Audit who Dropped the Database

In the first article on this topic (which can be read here), I discussed the problem of having a database get dropped and the need to find out who dropped the database and when they dropped it.  In that article, I demonstrated how the information (at least some of it) could be found through querying the default trace.  It is a good enough solution if you have not disabled the default trace.

On the other hand, what if you need to do something more flexible?  What if you wanted to track this down through a more robust tool such as extended events?  XEvents has what you need to be able to properly track these types of events.  In this article, I share how to use Extended Events to capture this kind of audit data.

There are a few things to note with this event session.  First is that I am trapping two separate events: sqlserver.object_deleted and sqlserver.object_created.  The next important note is that I have to enable a flag on both events to trap the database name.  That is done like this: SET collect_database_name = (1).  Last note is something that should be noticed after enabling the session and performing a couple of trials.  The events I am using will fire twice for every DROP or CREATE operation.  This happens due to the ddl_phase for each.  There is one event fired for the start of the event and then another event when the event commits or hits a rollback.  Because of this, I am outputting the ddl_phase in my query to read from the session data.  Let’s run a quick test and see how this data can be queried.

Also of importance is to note the file path for the output file. If the path does not exist or you do not have permissions to the directory, you will get an error message and the session will not create.

Nice and simple for a test. This should be enough to have trapped some data for our XEvent session.  Let’s parse the data and take a look.

With the XEvent session started, and a database that has been created and dropped, this last query will produce some data to help track who has been adding or removing databases from your SQL Instance.  If you have run the example code, you should see data very similar to what is shown in this next image.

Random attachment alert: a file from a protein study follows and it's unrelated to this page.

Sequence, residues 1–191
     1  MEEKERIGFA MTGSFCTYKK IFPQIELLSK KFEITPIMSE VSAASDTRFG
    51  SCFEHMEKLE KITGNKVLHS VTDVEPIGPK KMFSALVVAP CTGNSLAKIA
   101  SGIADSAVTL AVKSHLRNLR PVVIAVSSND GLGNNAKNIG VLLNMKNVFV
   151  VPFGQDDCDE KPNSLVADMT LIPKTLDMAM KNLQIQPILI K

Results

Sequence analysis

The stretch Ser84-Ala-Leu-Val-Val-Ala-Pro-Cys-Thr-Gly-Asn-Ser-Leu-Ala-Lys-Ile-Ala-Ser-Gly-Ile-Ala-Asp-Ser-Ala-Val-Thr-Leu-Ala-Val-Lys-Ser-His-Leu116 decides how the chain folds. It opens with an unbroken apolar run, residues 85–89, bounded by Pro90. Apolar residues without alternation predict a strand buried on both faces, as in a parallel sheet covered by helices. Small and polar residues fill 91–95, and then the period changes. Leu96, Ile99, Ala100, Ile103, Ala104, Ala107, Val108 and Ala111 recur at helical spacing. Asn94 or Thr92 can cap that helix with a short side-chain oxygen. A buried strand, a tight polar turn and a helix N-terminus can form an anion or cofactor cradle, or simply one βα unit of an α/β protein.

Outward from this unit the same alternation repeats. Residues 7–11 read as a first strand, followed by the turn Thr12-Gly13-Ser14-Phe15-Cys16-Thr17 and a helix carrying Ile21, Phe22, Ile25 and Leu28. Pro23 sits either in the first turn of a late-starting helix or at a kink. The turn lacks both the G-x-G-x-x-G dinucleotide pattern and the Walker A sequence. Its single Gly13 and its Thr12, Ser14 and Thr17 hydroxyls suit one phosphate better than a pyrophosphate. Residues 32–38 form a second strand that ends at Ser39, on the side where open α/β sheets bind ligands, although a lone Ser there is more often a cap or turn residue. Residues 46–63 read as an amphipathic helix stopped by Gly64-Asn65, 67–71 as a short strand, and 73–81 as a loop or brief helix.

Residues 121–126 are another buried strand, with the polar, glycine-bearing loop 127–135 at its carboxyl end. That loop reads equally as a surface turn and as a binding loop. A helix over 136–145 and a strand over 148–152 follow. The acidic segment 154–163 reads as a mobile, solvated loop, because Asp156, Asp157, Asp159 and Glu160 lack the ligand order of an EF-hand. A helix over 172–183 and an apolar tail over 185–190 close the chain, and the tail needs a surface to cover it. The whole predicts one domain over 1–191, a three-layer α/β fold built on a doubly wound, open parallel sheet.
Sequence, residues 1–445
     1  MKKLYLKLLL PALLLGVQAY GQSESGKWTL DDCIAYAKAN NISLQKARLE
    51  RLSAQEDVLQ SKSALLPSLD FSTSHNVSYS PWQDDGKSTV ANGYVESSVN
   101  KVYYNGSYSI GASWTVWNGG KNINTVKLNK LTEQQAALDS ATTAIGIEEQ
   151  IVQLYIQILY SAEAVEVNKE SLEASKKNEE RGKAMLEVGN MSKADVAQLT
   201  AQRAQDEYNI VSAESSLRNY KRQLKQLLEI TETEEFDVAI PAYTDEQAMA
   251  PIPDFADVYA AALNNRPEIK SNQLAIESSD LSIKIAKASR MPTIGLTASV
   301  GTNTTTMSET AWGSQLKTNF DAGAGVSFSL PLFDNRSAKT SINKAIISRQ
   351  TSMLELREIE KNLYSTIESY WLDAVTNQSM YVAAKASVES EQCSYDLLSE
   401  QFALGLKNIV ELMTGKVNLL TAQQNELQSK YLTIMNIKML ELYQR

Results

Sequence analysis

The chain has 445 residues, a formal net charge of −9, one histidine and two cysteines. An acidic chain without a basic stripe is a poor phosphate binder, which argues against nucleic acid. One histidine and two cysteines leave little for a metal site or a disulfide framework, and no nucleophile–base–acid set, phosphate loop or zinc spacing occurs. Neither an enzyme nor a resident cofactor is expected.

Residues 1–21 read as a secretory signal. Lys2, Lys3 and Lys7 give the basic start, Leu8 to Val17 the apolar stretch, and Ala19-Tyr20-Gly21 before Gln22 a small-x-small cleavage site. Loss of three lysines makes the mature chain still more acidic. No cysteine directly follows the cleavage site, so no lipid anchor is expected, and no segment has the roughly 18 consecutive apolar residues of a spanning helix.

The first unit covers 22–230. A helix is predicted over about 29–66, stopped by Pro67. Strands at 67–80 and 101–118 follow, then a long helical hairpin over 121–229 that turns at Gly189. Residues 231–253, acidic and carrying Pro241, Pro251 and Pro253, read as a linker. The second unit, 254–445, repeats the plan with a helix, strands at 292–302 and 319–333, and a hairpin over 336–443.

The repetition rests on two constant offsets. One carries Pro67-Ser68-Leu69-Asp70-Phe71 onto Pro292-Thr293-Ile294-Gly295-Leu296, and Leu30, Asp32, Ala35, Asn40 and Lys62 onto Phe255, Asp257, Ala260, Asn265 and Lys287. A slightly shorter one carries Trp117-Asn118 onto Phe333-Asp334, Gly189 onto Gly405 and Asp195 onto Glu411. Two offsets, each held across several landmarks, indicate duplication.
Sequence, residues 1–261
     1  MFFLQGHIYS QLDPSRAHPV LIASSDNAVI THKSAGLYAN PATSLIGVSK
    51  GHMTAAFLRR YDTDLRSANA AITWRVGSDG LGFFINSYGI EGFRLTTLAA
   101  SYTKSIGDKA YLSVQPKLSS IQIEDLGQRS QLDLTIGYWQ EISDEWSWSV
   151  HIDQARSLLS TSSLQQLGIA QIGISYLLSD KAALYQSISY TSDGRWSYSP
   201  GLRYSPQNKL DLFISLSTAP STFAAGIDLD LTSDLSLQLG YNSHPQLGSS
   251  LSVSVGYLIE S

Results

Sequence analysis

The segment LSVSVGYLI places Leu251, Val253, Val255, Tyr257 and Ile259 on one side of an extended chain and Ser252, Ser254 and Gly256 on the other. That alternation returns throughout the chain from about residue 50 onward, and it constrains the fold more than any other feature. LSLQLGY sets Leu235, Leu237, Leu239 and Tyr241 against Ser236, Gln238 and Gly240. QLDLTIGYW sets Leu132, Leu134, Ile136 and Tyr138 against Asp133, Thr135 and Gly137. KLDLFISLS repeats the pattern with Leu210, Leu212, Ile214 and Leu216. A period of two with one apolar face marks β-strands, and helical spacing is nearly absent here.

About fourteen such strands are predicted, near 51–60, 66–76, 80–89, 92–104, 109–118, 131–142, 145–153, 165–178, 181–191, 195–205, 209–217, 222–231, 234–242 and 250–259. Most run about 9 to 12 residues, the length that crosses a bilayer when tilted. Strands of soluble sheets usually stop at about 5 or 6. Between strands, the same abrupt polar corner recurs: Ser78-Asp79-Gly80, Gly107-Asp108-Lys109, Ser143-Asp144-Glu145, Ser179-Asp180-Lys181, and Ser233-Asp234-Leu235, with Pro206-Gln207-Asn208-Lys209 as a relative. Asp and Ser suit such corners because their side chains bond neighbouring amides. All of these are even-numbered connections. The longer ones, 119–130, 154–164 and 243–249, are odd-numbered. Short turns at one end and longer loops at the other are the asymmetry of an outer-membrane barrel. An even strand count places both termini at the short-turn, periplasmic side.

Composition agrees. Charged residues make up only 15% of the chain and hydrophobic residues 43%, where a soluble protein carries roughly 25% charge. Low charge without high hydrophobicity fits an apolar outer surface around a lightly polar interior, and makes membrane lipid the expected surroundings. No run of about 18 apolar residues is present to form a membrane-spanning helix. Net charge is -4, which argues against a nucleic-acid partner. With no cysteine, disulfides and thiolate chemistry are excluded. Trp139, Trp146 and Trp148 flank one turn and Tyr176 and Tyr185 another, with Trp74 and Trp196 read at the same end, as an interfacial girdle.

In the attached image, I have separated the pair of statements for the DB create from the pair of statements for the DB drop (recall that I mentioned each will fire twice).  I hope this serves you well in your attempts to reign in the control of your environment and discover who may be creating rogue databases or even dropping the databases that are essential to the business.  Enjoy!!

5 thoughts on “Audit who Dropped the Database”

  1. Are these commands specific to SQL 2012? I am on 2008r2 std and receive a set of errors running the first part.

    Msg 25623, Level 16, State 1, Line 1
    The event name, “sqlserver.object_created”, is invalid, or the object could not be found
    Msg 15151, Level 16, State 1, Line 17
    Cannot alter the event session ‘DBDeletedCreated’, because it does not exist or you do not have permission.

  2. I’m on SQL 2012 SP2 and getting the following error:

    Msg 25713, Level 16, State 23, Line 1
    The value specified for event attribute or predicate source, “object_type”, event, “object_created”, is invalid.
    Msg 15151, Level 16, State 1, Line 17
    Cannot alter the event session ‘DBDeletedCreated’, because it does not exist or you do not have permission.

    Please help on this

    1. For SQL Server 2012 you will need to use the Map Key value instead of the value name.
      In this case the value is 16964.
      So do
      WHERE object_type = 16964
      instead of
      WHERE object_type = ‘DATABASE’

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